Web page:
Nicaragua, Jamaica ready to compete in Sao Paulo

They both seek to top the podium for the first time ever at a Youth Parapan American Games in Sao Paulo, Brazil, from 20-25 March. 15 Mar 2017
Logo Jamaica Paralympic Association
Logo Jamaica Paralympic Association
By Sao Paulo 2017 and IPC

Nicaragua and Jamaica are hoping to reach the top spot of the podium for the first time ever at a Youth Parapan American Games in Sao Paulo, Brazil, between 20-25 March.


Nicaragua was represented by only two track and field athletes, Hector Chavez Romero and Carlos Castillo, at the last edition of the Youth Parapan American Games in Buenos Aires, Argentina, in 2013. However, the country still managed to win five medals, made up of three silvers and two bronzes.

They will now send three track and field athletes, Bricheny Lewis, Lener Bordas and Kevin Urbina, who are hoping to outdo Nicaragua’s performance at Buenos Aires 2013 and win the country’s first gold medal.

Nicaragua made their Paralympic debut at Athens 2004 and have not won a medal yet. They did reach the podium on the continental stage with four bronzes at the Toronto 2015 Parapan American Games. Sprinters Gabriel Cuadra Holmann (twice) and Carlos Castillo and powerlifter Fernando Acevedo all left with medals.


Jamaica will make their debut at the Youth Parapan American Games in Sao Paulo, Brazil.

The Caribbean country has a long tradition competing at the Paralympic Games. Their debut was at Tel Aviv 1968, winning 21 golds, 16 silvers and 18 bronzes overall.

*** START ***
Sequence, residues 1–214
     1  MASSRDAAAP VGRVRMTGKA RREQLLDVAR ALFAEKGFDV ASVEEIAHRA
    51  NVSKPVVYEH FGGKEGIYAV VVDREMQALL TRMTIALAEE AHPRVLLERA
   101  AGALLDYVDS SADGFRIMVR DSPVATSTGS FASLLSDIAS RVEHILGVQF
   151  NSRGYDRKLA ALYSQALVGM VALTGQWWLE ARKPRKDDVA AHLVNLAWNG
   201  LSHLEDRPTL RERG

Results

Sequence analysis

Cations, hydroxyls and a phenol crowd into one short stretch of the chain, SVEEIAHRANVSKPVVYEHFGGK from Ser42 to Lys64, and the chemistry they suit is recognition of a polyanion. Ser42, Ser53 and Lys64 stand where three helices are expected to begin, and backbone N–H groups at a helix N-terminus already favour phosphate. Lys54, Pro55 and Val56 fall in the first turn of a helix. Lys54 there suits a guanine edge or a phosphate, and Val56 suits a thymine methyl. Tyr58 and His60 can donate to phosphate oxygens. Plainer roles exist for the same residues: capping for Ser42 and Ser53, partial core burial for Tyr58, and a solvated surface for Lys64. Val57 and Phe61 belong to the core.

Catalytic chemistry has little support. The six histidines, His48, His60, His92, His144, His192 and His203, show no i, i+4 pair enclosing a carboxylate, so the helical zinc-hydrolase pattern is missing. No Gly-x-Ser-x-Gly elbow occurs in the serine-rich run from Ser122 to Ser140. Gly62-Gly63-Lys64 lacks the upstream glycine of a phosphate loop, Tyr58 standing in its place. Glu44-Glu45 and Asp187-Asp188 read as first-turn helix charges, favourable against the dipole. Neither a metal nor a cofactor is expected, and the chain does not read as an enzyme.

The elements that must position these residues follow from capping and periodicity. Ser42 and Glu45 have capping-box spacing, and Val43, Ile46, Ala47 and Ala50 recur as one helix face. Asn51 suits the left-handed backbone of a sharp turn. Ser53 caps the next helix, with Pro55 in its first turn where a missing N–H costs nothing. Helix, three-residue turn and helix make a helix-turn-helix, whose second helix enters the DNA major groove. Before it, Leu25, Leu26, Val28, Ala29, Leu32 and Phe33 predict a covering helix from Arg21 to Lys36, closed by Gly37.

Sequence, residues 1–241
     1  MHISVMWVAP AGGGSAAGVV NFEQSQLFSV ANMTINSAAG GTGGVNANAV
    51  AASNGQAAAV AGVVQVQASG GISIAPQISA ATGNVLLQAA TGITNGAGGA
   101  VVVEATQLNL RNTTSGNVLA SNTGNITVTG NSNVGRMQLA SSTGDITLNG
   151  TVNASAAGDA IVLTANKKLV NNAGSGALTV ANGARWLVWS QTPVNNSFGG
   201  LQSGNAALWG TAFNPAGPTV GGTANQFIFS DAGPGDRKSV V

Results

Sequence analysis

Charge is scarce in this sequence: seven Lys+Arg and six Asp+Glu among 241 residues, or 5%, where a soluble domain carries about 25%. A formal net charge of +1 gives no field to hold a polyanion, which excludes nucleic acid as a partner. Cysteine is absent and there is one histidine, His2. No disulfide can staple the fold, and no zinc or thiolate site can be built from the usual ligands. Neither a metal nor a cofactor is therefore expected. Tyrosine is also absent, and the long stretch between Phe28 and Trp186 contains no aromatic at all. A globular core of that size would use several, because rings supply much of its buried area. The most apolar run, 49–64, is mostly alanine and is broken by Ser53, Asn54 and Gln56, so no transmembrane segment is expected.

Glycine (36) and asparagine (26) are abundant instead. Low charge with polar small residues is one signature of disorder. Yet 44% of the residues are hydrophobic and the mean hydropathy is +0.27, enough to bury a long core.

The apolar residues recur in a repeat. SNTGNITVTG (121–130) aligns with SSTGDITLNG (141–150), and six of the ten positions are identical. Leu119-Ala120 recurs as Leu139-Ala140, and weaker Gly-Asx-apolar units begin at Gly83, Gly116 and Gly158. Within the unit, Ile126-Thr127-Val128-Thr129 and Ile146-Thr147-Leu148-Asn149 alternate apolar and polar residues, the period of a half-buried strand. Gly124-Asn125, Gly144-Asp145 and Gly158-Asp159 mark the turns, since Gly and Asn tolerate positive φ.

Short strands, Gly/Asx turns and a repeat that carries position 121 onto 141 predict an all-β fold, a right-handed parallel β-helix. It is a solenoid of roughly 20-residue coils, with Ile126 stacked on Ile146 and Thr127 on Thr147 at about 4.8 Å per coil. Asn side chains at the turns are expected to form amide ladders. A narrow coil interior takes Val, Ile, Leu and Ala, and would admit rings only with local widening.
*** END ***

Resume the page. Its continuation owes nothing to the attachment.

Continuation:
The last Paralympic medal for the country was won by Alphanso Cunningham at London 2012, where he took gold in the men´s javelin F52/53 with a 21.84 throw.

Track and field athletes Cunningham, Shane Hudson and Dana-Gaye Weller were Jamaica´s three representatives at the Rio 2016 Paralympics.

Jamaica also had a good performance on a regional level, winning two golds, two silvers and one bronze at the Toronto 2015 Parapan American Games.


Over 800 athletes, aged 12-20 years old, from 20 countries are expected to participate in Sao Paulo, with 12 sports being contested: athletics, boccia, football 5, football 7, goalball, judo, powerlifting, sitting volleyball, swimming, table tennis, wheelchair basketball and wheelchair tennis.

Buenos Aires 2013 attracted more than 600 athletes from 16 countries, who competed across 10 sports. Brazil topped the medal table and 15 countries reached the podium at least once.

Barquisimeto, Venezuela, staged the inaugural edition in 2005, with athletes from 10 countries competing, whilst a total of 14 countries attended the event in Bogota, Colombia, in 2009.

For more information, visit Sao Paulo 2017’s website.